Posted on December 1st, 2009 in clean government, Colorado Politics, Fiscal Policy, General, Journalism, liberty, PPC | Written by Ben | 2 Comments »
Update, 12/2: More valuable insights from Joshua Sharf.
First, the Denver Post‘s Dan Haley weighed in on the Republicans’ “Platform for Prosperity.” Today, the story went national with coverage from Wall Street Journal reporter Stephanie Simon, and a quote from from one of my favorite grassroots activists (in spite of her misplaced football loyalties):
Republicans, however, said the platform would prompt voters to focus on the party’s message, rather than their feelings about individual candidates. “People can vote for the agenda,” said Tom Tancredo, a former Republican congressman who had been mulling a run for governor.
But Nikki Mata, a conservative activist in suburban Denver, said that such a strategy misses the point of the tea-party movement. Endorsements and platforms matter less to her and her fellow activists, she said, than their gut feelings about whether a candidate would shake things up — or would cave in to the establishment.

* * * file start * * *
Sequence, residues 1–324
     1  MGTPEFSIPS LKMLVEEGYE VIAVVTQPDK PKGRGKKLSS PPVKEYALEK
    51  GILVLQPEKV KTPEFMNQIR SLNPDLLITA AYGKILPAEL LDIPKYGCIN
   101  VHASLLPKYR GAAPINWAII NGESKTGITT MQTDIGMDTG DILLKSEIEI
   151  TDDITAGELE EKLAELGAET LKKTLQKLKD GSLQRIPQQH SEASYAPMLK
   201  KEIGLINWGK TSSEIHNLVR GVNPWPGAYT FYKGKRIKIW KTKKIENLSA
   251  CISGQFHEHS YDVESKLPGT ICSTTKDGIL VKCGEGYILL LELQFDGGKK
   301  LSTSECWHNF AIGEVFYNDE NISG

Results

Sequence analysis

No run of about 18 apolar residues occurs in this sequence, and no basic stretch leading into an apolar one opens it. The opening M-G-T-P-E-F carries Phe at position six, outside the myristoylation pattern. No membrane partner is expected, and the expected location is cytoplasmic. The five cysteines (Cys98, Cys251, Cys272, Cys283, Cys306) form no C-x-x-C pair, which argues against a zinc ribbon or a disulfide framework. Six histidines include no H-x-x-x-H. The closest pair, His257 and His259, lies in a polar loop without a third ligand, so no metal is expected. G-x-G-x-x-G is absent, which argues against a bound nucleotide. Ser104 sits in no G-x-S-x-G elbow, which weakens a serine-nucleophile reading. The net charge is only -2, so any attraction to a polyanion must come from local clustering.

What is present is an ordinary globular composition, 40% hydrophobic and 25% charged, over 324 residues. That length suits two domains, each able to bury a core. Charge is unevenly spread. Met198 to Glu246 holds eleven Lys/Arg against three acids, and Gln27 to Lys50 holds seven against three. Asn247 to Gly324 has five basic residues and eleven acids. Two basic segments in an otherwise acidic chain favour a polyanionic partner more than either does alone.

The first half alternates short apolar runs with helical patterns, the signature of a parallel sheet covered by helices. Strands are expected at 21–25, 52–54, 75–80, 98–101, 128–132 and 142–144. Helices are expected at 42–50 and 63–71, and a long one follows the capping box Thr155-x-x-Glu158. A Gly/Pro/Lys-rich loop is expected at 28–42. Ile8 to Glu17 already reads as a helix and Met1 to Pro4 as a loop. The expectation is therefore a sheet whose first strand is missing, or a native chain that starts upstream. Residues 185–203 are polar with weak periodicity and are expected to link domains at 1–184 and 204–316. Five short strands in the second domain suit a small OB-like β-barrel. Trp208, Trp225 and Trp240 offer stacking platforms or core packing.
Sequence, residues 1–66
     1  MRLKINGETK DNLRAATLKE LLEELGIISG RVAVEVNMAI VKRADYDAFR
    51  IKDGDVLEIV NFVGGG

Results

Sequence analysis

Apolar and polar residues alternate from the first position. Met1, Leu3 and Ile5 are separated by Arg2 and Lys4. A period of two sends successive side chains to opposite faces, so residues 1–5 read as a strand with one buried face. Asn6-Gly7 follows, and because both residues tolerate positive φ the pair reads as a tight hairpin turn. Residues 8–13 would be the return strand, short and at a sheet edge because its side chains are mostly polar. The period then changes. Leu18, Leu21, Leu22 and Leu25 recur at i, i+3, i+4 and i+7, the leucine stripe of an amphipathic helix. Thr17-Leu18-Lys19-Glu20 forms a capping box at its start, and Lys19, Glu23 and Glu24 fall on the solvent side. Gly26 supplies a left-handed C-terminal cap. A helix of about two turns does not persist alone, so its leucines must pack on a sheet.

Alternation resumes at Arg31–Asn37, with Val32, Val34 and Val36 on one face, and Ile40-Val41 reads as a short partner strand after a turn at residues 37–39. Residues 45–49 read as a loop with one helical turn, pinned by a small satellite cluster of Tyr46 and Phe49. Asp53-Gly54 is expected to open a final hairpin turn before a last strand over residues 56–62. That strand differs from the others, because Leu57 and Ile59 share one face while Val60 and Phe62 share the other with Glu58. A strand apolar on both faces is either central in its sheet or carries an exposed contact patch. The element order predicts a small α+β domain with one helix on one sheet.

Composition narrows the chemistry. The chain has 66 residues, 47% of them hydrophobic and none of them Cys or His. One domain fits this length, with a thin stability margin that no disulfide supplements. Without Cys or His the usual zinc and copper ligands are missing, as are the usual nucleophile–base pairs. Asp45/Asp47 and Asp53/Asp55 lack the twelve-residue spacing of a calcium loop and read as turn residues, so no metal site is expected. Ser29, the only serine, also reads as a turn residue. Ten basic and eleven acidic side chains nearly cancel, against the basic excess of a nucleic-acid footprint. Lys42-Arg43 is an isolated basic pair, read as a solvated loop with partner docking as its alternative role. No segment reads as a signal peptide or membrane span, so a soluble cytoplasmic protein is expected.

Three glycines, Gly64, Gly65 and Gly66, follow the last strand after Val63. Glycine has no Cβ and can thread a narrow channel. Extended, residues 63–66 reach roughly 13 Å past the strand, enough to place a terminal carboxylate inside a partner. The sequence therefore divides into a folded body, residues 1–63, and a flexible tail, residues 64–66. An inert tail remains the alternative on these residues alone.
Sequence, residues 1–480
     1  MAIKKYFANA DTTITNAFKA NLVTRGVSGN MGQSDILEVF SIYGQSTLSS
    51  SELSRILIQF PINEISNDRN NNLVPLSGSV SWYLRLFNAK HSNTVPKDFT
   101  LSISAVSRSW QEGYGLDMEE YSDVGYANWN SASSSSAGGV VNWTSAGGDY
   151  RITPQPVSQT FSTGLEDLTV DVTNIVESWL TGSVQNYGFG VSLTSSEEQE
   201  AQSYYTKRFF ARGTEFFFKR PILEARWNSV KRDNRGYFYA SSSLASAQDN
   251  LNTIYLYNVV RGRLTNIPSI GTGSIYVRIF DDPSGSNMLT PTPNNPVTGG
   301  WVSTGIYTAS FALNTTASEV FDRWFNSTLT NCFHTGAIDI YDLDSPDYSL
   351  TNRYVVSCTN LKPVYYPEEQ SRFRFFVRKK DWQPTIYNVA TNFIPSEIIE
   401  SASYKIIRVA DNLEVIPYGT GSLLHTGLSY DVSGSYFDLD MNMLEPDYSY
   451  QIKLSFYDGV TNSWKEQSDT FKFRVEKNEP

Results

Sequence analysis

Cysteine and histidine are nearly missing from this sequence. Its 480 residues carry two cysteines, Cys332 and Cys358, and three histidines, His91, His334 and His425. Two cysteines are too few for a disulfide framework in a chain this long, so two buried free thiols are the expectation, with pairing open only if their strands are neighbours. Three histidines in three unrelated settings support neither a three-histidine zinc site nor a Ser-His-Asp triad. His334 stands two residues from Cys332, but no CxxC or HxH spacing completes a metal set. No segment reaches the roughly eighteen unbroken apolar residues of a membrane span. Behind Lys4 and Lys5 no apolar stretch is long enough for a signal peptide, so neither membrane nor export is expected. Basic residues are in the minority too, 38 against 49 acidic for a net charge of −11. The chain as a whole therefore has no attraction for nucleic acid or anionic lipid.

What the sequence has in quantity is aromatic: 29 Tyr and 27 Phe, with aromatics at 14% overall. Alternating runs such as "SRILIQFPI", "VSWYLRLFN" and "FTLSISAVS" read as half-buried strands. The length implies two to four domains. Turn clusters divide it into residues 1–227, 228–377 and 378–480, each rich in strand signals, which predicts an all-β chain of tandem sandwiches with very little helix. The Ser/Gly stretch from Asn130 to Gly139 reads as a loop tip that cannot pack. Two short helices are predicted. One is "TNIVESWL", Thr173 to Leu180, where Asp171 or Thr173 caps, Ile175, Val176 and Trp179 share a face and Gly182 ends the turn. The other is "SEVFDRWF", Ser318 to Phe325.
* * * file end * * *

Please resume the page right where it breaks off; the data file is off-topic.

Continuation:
Despite such flashes of populist anger, political analysts in Colorado said the GOP move would likely strengthen the party by scaring off challengers from the right.
“At the end of the day, the tea partiers don’t have anywhere else to go,” said Eric Sondermann, an independent political consultant in Denver. “If they show up at the polls next year, it won’t be to pull the Democratic lever.” [emphasis added]
First, you need to go back and read the whole story — not just the punchline. However, if you’re like me (sorry to scare you like that), you’ll have the perfect reaction to the story brewing in your mind and ready to publish on your blog, only then see that one of your best blogging buddies has beat you to the punch and said it better. So cue El Presidente at the People’s Press Collective:
Key words: “If they show up.” The Tea Partiers, rank-and-file GOPers, conservatives of all stripes, libertarians (small and big-L), independents, unaffliateds, and even Michigan ex-pats (sorry Ben) have to be convinced that McInnis (pending Dan Maes primary challenge) is the right guy for governor of the state of Colorado.
In other words, they probably won’t pull the lever for Ritter . . . but then again, they might not even show up.
And we know how that worked out in 2006.
Ditto — especially to the part about Michigan ex-pats. I don’t know which GOP bigwigs, if any, read Mount Virtus or even the PPC. You have to believe they’re tuning in to the Journal, though.
But just in case they stop by here, too, it won’t hurt for me to reiterate the very important difference between Republican leaders courting the Tea party movement and co-opting it. The former approach will work better for all involved — most especially in the long run. Especially since their concerns about the size and scope and spending habits of government deserve primary attention by the people’s representatives.
Anyway, great piece today. Way to go, Nikki (and Michael Schneider)!
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